I am passionate about making a difference by being an officer in the military and being in a leadership position where I can make a difference and impact the way things work. I someday want to become a judge advocate general officer (an Army lawyer).
What other activities keep you busy?
I’m a fellow and research assistant for the Center for Political Participation. I’m also a member of the Allegheny Equestrian Team, Kappa Alpha Theta Sorority (Mu Chapter), and the Phi Sigma Iota and Pi Sigma Alpha Honor Societies.
Why the Equestrian Team?
I’ve been riding forever. I often joke that I’ve been riding before I was born because my mother rode while pregnant with me. I got involved with the equestrian team because I wanted to do something different. It’s something I get to do for myself. I love the comradery and being a part of a team.
How do you balance it all?
I’m not going to say it’s easy. A lot of it is mind over matter. When someone entering college asks for my advice, I tell them to have their long view in mind. And if you don’t know what that is, just keep your options open. Don’t be short-sighted. Having my long view in mind is comforting to me. Moreover, it gives me something to focus on and grounds me.
When I came in as a freshman, I wanted to get involved in so many things. It’s easy to say yes to everything, but I’ve learned how to say no.
The third thing is being realistic and being able to prioritize. That is a skill that my military experience has helped me to cultivate.
And then of course I have a really nice set of friends and family who love me, and faculty who are supportive of me. That’s the most important. Without that, I wouldn’t be where I am today.
Why did you choose Allegheny?
Face-to-face interaction and word of mouth are very powerful. I found out about Allegheny from a friend’s father who is on the Allegheny College Board of Trustees. When I came here for a tour, the campus really spoke to me. I felt really comfortable here. I liked what I read about the Political Science Department, the study abroad opportunities, and so much more.
After my first month, I knew I was going to stay. I built relationships, not just with other classmates, but with my professors. I’ve always had a good relationship with them. They push me, but they’re also very human. I’m academically challenged and fulfilled here. I wouldn’t be the person I am if I had gone to a larger school. This is what a small liberal arts education provides.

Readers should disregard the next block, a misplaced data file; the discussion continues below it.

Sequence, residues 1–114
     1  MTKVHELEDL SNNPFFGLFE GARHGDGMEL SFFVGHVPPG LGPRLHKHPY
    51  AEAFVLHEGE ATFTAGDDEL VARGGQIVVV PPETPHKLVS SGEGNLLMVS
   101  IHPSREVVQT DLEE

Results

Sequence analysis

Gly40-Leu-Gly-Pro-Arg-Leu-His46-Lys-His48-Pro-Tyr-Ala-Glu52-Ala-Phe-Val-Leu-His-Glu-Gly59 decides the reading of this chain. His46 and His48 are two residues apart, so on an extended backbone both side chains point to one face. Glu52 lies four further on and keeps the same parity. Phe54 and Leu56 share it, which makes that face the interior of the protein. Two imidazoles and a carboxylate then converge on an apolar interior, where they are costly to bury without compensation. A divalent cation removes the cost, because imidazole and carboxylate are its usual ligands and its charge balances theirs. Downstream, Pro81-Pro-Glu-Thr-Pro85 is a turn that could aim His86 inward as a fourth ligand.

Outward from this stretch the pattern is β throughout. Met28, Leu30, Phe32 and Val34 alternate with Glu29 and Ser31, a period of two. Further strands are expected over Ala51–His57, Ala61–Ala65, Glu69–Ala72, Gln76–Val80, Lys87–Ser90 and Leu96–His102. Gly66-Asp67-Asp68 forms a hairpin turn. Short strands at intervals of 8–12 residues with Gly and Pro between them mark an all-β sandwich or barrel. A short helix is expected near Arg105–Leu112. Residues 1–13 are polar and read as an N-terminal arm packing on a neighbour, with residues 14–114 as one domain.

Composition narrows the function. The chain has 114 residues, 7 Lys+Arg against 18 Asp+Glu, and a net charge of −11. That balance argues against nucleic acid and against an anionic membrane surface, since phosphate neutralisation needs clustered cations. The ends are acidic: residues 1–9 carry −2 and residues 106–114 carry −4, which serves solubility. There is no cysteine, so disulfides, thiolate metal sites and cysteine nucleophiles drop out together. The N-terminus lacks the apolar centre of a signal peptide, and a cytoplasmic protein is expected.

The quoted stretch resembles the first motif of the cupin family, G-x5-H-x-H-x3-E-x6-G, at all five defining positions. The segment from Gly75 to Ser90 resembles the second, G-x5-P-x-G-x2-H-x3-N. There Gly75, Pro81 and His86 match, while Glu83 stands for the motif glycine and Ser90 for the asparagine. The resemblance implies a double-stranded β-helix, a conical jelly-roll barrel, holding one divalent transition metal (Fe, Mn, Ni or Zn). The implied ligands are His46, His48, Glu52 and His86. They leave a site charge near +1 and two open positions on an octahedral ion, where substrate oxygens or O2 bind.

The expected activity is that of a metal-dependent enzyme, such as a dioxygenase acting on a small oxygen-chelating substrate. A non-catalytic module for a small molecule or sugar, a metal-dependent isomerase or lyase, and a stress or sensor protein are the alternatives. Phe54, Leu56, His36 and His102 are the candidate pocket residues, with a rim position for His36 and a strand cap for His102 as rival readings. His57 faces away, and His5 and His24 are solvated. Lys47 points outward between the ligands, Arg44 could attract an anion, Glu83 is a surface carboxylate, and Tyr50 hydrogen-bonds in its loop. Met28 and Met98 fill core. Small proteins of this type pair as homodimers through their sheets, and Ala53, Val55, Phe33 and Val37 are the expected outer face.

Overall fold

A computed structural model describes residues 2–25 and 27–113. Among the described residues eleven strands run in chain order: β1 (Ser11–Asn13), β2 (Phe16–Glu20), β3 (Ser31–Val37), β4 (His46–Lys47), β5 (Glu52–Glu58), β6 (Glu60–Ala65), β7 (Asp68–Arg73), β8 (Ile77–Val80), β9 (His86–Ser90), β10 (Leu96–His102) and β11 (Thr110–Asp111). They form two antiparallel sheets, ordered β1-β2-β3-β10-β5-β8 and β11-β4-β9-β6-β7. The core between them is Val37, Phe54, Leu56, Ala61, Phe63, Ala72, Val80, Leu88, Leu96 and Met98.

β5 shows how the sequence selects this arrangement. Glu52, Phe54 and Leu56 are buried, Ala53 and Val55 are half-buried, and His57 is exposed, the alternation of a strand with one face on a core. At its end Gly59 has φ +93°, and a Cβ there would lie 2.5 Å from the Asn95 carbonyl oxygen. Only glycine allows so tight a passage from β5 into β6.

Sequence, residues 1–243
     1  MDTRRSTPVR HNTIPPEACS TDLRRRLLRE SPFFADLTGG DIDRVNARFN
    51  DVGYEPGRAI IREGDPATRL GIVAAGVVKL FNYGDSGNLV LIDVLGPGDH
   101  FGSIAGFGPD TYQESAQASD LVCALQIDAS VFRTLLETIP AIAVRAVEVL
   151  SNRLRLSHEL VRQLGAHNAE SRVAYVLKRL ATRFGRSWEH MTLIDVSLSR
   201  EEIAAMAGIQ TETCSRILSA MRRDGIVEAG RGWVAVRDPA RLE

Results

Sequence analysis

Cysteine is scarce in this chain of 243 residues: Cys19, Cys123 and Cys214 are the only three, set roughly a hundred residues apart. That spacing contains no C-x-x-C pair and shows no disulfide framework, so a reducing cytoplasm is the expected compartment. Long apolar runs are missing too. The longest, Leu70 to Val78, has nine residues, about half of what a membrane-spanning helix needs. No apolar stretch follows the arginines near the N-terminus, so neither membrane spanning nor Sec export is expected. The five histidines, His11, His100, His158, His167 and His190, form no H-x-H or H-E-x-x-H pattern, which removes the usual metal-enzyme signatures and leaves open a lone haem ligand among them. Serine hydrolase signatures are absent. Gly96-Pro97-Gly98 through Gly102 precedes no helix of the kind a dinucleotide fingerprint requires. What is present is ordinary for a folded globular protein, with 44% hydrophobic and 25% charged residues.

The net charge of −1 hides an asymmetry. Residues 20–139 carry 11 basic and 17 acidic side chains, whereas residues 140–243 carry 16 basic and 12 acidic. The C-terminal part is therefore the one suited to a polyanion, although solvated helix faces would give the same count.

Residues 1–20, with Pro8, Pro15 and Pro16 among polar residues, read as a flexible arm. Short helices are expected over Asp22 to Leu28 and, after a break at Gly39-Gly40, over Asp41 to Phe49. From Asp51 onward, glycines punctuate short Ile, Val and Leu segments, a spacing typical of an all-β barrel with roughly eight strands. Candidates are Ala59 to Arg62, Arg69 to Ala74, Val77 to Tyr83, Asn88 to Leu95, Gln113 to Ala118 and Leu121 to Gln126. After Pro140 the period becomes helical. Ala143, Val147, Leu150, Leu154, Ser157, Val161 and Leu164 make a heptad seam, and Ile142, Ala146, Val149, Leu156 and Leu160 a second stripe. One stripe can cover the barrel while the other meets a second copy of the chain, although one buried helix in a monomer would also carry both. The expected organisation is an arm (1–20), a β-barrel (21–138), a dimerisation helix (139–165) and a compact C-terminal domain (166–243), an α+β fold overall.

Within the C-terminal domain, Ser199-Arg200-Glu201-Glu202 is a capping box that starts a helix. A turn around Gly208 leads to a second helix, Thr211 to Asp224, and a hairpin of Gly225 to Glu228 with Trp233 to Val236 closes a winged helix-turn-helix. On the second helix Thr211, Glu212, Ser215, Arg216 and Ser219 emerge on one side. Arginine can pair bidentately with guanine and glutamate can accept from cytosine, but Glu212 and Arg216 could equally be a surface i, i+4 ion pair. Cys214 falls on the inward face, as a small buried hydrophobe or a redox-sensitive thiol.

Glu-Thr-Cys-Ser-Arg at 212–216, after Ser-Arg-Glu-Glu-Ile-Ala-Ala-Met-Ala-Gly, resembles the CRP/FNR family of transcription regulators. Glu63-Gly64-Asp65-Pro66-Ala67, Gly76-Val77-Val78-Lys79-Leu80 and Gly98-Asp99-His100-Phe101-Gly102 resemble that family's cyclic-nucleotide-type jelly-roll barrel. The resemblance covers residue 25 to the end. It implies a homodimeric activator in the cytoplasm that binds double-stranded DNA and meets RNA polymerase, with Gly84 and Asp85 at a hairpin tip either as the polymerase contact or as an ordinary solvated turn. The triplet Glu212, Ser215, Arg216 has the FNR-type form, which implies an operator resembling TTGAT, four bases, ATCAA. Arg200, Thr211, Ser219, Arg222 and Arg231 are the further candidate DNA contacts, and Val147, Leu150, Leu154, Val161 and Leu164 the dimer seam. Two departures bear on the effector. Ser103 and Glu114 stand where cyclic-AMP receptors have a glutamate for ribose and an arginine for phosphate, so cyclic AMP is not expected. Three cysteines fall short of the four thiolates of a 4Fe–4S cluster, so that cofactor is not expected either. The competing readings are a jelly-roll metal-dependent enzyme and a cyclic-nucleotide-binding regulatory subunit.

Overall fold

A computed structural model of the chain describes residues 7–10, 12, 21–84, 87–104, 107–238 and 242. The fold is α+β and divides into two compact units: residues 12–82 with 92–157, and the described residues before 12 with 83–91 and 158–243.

September 3rd 2014
Brian M. Harward, associate professor of political science and director of the Center for Political Participation, has had an article, “Congressional Response to Statements of Administration Policy and Signing Statements,” accepted for publication this summer in the journal Congress and the Presidency. Harward and his co-authors developed a dataset with all SAP’s, signing statements, and congressional oversight hearings from 1997 through 2007. The results of their study indicate that the type and number of objections raised in these presidential communications affects congressional oversight activity.
May 6th 2014
Political Science major and Center for Political Participation (CPP) Fellow John Rooney ’14 has received the 2014 Walter Jacobson Memorial Prize for his essay on John Dewey and American democracy. The essay, titled “Democracy: The Task before Us in the 21st Century,” was presented at the Allegheny College Democracy Realized? Legacies of Civil Rights Movement conference on March 28-29. The prize, established by Walter O. Jacobson ’37, supports undergraduate students in research and writing projects related to the American electoral process.
May 5th 2014
Associate Professor of Political Science Brian Harward and Center for Political Participation Student Fellow and Political Science/History major John Nelson ’14 recently presented at Wabash College’s 2014 Brigance Colloquy. Their presentations focused on Civic Learning, the work of the CPP, and the Student Fellows Program. Four other colleges were invited to participate: Kalamazoo College, Colorado State University, Colby College, and Providence College.
May 2nd 2014
Associate Professor of Political Science Brian Harward presented “Signing Statements, Congressional Oversight, and the Multidimensionality of Policy” at the 2014 meeting of the Midwest Political Science Association in April.